Darius Milhaud, one of the 20th century’s most prolific composers, with an opera comprising nearly 450 works, belongs historically to the coterie of French intellectuals and composers who, loosely bonded by their initial embrace of Jean Cocteau’s antisentimental aesthetic ideas, as well as by their allegiance to composer Erik Satie’s spiritual-musical tutelage, were known as Les Six. That group also included Francis Poulenc, Arthur Honegger, Georges Auric, Germaine Tailleferre, and Louis Durey. But Milhaud belongs as well to the significant number of European Jewish émigré composers who took refuge in the United States during the 1930s and 1940s from the Fascist-inspired anti-Jewish persecution that emanated from Germany and culminated in the Holocaust.
Milhaud was born in Marseilles but grew up in Aix-en-Provence, which he regarded as his true ancestral city. His was a long-established Jewish family of the Comtat Venaissin—a secluded region of Provence—with roots traceable there at least to the 15th century. On his father’s side, Milhaud’s Jewish lineage was thus neither Ashkenazi nor Sephardi (i.e., stemming neither from medieval German-Rhineland nor from pre-16th-century Spanish/Iberian Jewry), but rather, specifically Provençal—dating to Jewish settlement in that part of southern France as early as the first centuries of the Common Era. His paternal great-grandfather, Joseph Milhaud, was one of the founders of the synagogue at Aix, and he wrote exegetical works on the Torah and conducted the census of Jews who had returned to France after the Revolution.
Like its Ashkenazi and Sephardi counterparts, Provençal Jewry had a distinct musical tradition that developed over many centuries. Milhaud’s mother, however, was partly Sephardi on her father’s side. This may have lent an additional perspective to his internalized Jewish musical sensibilities. Both parents came from middle-class families who had been engaged successfully in respected business enterprises for generations, and both were musicians as well. Darius began violin studies at the age of seven and began composing even as a child. In 1909 he commenced studies at the Paris Conservatoire, where one of his teachers, Xavier Leroux, immediately recognized that his student had discovered a harmonic language of his own. His other teachers included Vincent d’Indy, Paul Dukas, and André Gedalge, whom Milhaud later credited as his greatest influence.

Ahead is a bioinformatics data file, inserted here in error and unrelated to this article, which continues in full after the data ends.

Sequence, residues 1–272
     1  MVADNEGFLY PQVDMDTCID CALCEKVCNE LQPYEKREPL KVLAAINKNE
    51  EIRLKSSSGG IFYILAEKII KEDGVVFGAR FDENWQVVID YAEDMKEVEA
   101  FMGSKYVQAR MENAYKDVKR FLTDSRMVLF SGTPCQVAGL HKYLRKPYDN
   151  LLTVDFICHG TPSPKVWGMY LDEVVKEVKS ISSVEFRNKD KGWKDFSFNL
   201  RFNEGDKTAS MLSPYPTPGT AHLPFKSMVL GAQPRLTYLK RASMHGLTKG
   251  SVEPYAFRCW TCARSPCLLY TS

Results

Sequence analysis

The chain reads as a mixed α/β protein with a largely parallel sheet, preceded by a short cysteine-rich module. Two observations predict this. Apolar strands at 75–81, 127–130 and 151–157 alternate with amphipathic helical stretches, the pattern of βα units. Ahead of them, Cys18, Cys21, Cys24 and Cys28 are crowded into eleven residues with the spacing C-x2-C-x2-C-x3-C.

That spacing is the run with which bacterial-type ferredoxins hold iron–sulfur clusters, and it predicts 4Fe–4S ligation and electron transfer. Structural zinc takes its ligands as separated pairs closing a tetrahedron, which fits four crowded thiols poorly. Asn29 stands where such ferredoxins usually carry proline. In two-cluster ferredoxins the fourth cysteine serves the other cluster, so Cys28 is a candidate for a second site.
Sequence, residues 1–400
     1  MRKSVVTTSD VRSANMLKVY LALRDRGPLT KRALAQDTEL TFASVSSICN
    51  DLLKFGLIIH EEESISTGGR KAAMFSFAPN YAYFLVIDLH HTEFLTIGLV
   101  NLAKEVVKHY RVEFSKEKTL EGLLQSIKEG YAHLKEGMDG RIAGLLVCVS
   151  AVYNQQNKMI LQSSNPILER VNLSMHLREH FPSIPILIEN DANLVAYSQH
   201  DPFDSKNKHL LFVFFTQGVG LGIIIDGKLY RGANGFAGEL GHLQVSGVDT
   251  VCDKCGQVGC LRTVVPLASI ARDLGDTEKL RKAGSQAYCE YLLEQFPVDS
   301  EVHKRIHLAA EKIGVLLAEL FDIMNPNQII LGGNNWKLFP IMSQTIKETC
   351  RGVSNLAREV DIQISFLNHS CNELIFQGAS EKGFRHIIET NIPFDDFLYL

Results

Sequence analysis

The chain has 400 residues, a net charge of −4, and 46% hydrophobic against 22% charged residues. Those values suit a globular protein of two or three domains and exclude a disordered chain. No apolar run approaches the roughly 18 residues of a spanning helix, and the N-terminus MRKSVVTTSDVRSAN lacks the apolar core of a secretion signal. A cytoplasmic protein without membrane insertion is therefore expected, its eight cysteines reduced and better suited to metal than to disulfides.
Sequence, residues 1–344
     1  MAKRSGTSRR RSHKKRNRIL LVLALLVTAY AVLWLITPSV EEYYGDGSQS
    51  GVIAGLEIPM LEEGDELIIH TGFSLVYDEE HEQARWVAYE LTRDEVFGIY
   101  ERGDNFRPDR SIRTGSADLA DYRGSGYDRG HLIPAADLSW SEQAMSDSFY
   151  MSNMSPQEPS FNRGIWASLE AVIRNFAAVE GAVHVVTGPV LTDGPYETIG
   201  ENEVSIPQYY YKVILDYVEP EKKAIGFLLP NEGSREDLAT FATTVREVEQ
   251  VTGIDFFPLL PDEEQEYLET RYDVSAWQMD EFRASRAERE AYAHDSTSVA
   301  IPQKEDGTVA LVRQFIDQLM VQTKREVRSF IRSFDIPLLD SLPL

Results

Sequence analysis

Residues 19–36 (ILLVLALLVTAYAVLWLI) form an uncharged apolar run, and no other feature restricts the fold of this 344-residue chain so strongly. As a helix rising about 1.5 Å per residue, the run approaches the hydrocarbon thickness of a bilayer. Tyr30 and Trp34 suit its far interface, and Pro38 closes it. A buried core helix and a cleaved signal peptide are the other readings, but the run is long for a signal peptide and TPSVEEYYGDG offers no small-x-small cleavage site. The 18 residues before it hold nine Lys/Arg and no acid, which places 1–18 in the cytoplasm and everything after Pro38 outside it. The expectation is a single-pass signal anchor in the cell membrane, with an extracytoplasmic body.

In his memoirs Milhaud wrote that when he first began to compose, he was already aware of the path of Impressionism, which he viewed as the end of an artistic current whose mawkishness he found unappealing. He became profoundly affected as a composer by literature, as well as by Satie’s commitment to a concept of artistic totality, exploring and including the various art forms in complementary expression. From 1917 to 1919 Milhaud held a secretarial post at the French Consular Mission in Brazil, where he developed an interest in native folk rhythms and ethnic music traditions. He later applied these influences to some of his pieces, and his first two ballet scores drew directly upon the Brazilian experience.
In the 1920s Milhaud began his association with Cocteau, whose seminal aesthetic attack on the contemporary direction of “serious” music and its high-flown “romantic bombast” made a significant impression on him. Encouraged by Satie and his own musical models, Milhaud—together with the other composers who formed Les Six—embraced aspects of this aesthetic principle, especially with regard to simplicity, directness, avoidance of excess sentimentality, sounds related to nature and everyday life, and, perhaps above all, that attribute so prized by certain French poets of a previous era: la clarité—clarity. For Milhaud, perhaps more so than for the others of his circle, Satie’s love of the music hall, the circus, and other unelevated forms of entertainment was in tune with his own adoption of popular material—French folksong, Latin American dance rhythms, Jewish secular and sacred melodies, and one of his most important discoveries: jazz.